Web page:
Today, Sam and I again decided to take it easy. So, we had breakfast at the café and then went back to the room and watched a couple of episodes of The OC, mimicking SoapNet’s “Breakfast in Bed.” Then, we decided to have lunch real Rome style, meaning at a small café. I had read in my Italy guidebook that there was a cute, La Dolce Vita bar near the hotel, so I excitedly suggested it. I looked it up on Google Maps and found that it was only four minutes away. Perfect! So we were off…
About ten minutes into our journey, I realized that I had neglected to change the direction setting from driving to walking, so the bar was actually four minutes away by car. To add to it, we were entering a dodgy neighborhood. Nonetheless, I kept my mouth shut and continued because Fromer’s had told me this was a great place, and when it comes to travel information, I trust Fromer’s. So we continued to get lost (because the directions led to where the metaphorical car was supposed to park, not the restaurant) and the neighborhood grew increasingly lacking. Finally we found the place – or the shell of the place. The neon sign remained, but that was it – no tables, no counter, and certainly no food. The buildings around it were covered in graffiti. Why, Fromer? Why?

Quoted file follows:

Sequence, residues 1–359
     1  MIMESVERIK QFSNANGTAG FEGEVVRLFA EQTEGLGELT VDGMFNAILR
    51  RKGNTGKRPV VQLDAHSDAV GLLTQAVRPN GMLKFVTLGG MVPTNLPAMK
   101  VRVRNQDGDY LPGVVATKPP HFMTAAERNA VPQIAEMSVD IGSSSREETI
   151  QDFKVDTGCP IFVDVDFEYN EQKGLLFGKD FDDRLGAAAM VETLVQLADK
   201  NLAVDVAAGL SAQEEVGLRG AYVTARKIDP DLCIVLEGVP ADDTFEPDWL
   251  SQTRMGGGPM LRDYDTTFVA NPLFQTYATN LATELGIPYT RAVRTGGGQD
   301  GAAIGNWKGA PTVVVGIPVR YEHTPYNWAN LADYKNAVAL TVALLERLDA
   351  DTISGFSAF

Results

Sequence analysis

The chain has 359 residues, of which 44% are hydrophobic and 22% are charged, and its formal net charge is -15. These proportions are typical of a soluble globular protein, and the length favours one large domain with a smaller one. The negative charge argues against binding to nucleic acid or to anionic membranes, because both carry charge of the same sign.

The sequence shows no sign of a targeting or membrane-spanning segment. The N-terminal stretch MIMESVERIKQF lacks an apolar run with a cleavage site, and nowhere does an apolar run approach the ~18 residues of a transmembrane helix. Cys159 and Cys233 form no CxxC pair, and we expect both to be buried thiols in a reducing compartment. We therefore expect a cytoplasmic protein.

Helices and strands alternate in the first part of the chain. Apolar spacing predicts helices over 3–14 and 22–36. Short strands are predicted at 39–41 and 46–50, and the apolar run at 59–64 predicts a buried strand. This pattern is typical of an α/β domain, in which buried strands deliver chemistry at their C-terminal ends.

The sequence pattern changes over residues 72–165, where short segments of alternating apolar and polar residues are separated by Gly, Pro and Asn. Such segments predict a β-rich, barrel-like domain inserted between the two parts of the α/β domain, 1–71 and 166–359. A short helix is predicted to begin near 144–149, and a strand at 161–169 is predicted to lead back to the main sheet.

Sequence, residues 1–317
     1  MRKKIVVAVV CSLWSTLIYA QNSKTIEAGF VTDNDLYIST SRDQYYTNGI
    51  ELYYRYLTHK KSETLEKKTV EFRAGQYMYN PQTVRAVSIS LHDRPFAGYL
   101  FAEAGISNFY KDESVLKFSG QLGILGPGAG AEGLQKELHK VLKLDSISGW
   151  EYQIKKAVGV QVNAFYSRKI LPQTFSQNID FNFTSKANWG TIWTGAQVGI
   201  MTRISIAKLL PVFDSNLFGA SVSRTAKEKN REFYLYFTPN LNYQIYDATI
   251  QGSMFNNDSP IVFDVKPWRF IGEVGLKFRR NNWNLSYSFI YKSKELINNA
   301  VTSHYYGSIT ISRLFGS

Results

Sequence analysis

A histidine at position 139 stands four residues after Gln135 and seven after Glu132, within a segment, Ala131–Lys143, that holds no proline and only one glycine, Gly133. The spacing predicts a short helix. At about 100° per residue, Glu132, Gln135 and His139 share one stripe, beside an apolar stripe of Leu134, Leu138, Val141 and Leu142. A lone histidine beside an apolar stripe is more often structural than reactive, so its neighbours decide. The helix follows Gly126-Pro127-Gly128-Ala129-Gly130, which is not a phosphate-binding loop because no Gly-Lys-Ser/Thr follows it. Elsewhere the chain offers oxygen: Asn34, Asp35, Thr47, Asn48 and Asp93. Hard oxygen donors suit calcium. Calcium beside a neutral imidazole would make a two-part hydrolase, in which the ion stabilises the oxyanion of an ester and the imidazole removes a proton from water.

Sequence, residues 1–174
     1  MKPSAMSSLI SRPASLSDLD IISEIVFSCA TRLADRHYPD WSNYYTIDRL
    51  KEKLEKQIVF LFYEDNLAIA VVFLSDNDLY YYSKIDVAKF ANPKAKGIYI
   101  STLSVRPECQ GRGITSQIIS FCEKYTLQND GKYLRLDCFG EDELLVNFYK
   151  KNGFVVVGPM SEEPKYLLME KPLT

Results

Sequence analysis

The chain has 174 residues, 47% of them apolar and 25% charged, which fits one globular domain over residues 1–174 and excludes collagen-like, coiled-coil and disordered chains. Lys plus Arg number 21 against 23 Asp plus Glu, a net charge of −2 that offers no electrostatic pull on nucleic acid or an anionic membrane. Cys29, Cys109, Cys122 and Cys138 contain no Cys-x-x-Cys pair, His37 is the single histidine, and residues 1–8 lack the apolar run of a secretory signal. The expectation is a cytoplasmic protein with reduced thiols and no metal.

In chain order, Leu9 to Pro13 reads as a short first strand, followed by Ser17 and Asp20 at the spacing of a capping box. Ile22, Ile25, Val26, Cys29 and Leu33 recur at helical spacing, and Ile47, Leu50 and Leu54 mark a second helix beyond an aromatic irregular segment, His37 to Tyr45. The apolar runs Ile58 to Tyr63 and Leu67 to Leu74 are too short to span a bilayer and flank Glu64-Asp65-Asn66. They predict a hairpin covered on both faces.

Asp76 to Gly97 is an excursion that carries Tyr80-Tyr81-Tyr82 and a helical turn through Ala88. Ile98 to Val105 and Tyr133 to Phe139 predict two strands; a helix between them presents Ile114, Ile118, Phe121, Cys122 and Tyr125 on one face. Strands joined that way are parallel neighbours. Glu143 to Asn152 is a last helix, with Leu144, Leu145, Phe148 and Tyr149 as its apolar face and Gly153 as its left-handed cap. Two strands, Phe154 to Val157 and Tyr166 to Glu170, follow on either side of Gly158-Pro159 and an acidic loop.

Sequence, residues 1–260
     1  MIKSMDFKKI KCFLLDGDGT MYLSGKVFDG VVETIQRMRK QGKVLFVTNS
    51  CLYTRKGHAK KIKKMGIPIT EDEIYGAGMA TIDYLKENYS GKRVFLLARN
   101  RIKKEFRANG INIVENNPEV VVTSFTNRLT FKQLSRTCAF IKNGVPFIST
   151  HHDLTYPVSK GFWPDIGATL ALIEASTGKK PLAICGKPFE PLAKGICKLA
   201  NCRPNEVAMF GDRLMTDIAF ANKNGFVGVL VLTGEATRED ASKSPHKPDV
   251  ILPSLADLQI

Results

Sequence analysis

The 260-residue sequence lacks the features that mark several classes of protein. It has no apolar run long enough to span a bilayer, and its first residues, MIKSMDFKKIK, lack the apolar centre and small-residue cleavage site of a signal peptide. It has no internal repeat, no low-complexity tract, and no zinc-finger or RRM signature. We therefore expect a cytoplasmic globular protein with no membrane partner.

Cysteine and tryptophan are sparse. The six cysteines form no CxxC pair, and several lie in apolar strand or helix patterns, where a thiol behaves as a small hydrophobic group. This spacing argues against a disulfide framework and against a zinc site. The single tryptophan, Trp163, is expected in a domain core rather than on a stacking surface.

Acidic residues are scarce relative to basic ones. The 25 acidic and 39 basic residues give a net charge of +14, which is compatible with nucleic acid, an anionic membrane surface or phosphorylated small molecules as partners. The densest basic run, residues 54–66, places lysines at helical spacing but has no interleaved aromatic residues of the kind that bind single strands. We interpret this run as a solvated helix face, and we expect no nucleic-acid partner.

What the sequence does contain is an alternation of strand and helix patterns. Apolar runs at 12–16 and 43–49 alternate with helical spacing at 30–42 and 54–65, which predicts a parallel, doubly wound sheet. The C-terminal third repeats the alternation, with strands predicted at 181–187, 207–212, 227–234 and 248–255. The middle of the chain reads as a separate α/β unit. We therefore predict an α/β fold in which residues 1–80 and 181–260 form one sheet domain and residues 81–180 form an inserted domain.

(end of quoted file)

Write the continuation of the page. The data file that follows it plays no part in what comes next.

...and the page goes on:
So we switched plans and went to a café closer to the hotel. After that, we relaxed and watched some TV before going out for the night. For our last dinner in Rome, we went to the place we had had our first dinner in Rome five years ago – Piazza Navona. After comparing the prices of several different restaurants, we ended up at the Café Neptune. Sam got lasagna and tortellini, while I chose the ravioli with ricotta and spinach in butter. It was perfect! The food was great and as we ate, people milled around outside and several street musicians played in front of the restaurant. We finished the meal with chocolate cake and tiramisu. It was the perfect way to end our vacation.
After we were done, Sam and I walked around the piazza. One side of the fountain, dozens of artists displayed their landscapes and portraits. On the other side, there were people spray-painting pictures with an audience of on-lookers. Several of these crowds gathered around different artists throughout the piazza. There were also a few living statues. In addition, Sam and I watched a little bit of an Israeli glass orb dancer’s (I’m not sure that’s his official title) show. What he did was a type of interpretive dance as he twirled a glass orb around. Sam and I wondered if he had seen David Bowie in Labyrinth as a child and resolved not to quit until he had skills like the Goblin King.